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Summary: An overview of the Christian history of attitudes to work, the need for a renewed sense of call at work, and a renewed sense of mission

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Introduction

This is above all meant to be a time of encouragement – in my time as a Christian I have heard very few talks on How God sees our work. Mark Green in his book ‘Thank God it’s Monday’ did a survey and found that “over 50% of Christians have never heard a sermon on work, and over 70% have never heard a theology of work, and only 26% have been asked to consider developing a ministry in the workplace. So above all I pray that this evening is helpful – The structure of the evening is a combination of sharing, and testimony – Nick, Amy & Ralph will be sharing

There are 3 main areas that I want us to cover this evening

 History of attitudes to work

 Testimony 1 - Nick

 Renewing a sense of call

 Testimony 2 - Ralph

 Renewing a sense of mission

 Testimony 3 - Amy

 Q&A -

PART 1 - History of attitudes to work

Work does not just mean – 9-5 – it can include all housework – running kids around – cleaning the car

The reason I want to look a the history of attitudes to work is because it helpfully reveals both truth and error, and also because as much as we don’t want to admit it – our own views on work our shaped by history. I will start with looking at the Greek and Roman Culture

 1 - Greek & Roman Culture – Work is evil

In these cultures work was viewed as something for the underlings. We have slaves – slaves are here to do the work for us – so we can be free to develop ourselves – work is unworthy and beneath us. There was also a belief “spirit good”, “matter bad” – what was most important was the spiritual world, and their culture had a low view of the physical world.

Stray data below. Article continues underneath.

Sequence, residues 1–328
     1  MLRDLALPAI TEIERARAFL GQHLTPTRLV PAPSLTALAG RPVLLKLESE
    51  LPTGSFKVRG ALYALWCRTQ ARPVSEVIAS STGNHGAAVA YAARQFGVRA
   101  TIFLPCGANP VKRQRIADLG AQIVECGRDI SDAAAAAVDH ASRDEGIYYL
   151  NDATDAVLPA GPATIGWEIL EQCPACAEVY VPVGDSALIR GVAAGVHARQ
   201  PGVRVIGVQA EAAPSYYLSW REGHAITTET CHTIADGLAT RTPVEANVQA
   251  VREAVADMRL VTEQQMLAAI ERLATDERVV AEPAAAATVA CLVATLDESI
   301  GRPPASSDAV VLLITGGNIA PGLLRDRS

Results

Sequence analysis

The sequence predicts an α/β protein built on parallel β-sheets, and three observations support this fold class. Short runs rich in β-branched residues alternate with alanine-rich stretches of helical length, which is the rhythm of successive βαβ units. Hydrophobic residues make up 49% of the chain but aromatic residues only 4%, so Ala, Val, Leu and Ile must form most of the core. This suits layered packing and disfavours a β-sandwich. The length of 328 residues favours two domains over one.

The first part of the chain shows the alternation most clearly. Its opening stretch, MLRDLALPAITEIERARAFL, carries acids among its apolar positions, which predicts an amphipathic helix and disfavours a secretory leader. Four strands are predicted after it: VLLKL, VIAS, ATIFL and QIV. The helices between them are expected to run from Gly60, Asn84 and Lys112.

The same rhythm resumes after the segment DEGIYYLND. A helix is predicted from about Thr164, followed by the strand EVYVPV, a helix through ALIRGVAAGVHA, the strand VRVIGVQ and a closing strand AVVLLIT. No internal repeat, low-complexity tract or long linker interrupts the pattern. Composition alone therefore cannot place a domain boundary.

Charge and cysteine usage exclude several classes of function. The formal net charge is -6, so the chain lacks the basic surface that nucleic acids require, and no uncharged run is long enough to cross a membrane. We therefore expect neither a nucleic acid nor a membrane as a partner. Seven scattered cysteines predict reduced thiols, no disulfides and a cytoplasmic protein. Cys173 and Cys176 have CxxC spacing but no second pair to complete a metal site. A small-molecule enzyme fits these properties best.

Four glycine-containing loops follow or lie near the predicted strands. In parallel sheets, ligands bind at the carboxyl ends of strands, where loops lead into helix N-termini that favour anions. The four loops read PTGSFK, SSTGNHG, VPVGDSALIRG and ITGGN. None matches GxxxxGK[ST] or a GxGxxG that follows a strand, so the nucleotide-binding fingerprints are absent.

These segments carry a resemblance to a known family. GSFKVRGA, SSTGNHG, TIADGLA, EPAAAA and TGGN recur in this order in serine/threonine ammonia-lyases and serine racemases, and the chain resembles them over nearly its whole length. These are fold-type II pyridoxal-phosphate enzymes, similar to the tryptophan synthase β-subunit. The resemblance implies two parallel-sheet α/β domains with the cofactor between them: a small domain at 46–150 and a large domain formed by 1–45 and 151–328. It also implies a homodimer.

 2 - Medieval church – Sacred work good – secular work bad

During the period of the medieval church was to divide work into two great categories – the sacred and the secular. There was the religious, the monastic and the convent, aimed at perfection devoted to contemplation, and then those outside who kept the wheels of the world running at the cost of condemning their souls to a 2nd best spiritual life. You can see how actually this view is not so dis-similar from the Greco Roman view of spirit good matter bad – but here it was sacred good secular bad.

 3 - Reformation/Rennaissance – The Dignity of Work

Then came the Renaissance – where the craftsman and the artist was exalted. Individual creation was lifted up and praised. But this was extended in the Reformation where they added the concept of “a calling” for all, that God called people to tasks in the world. All work was done for the glory of God – but it assumed that living a godly life was valued supremely, and work was always to the service of God and others. Actually the reformers really turned things on their head a bit and

 4 - Enlightenment – Pursuit of human gain

Then came the Enlightenment which is really where the idea of the good “Protestant work ethic” came from. Service of God was perverted into a creed of personal success:

“Early to bed, early to rise makes a man healthy, wealty and wise


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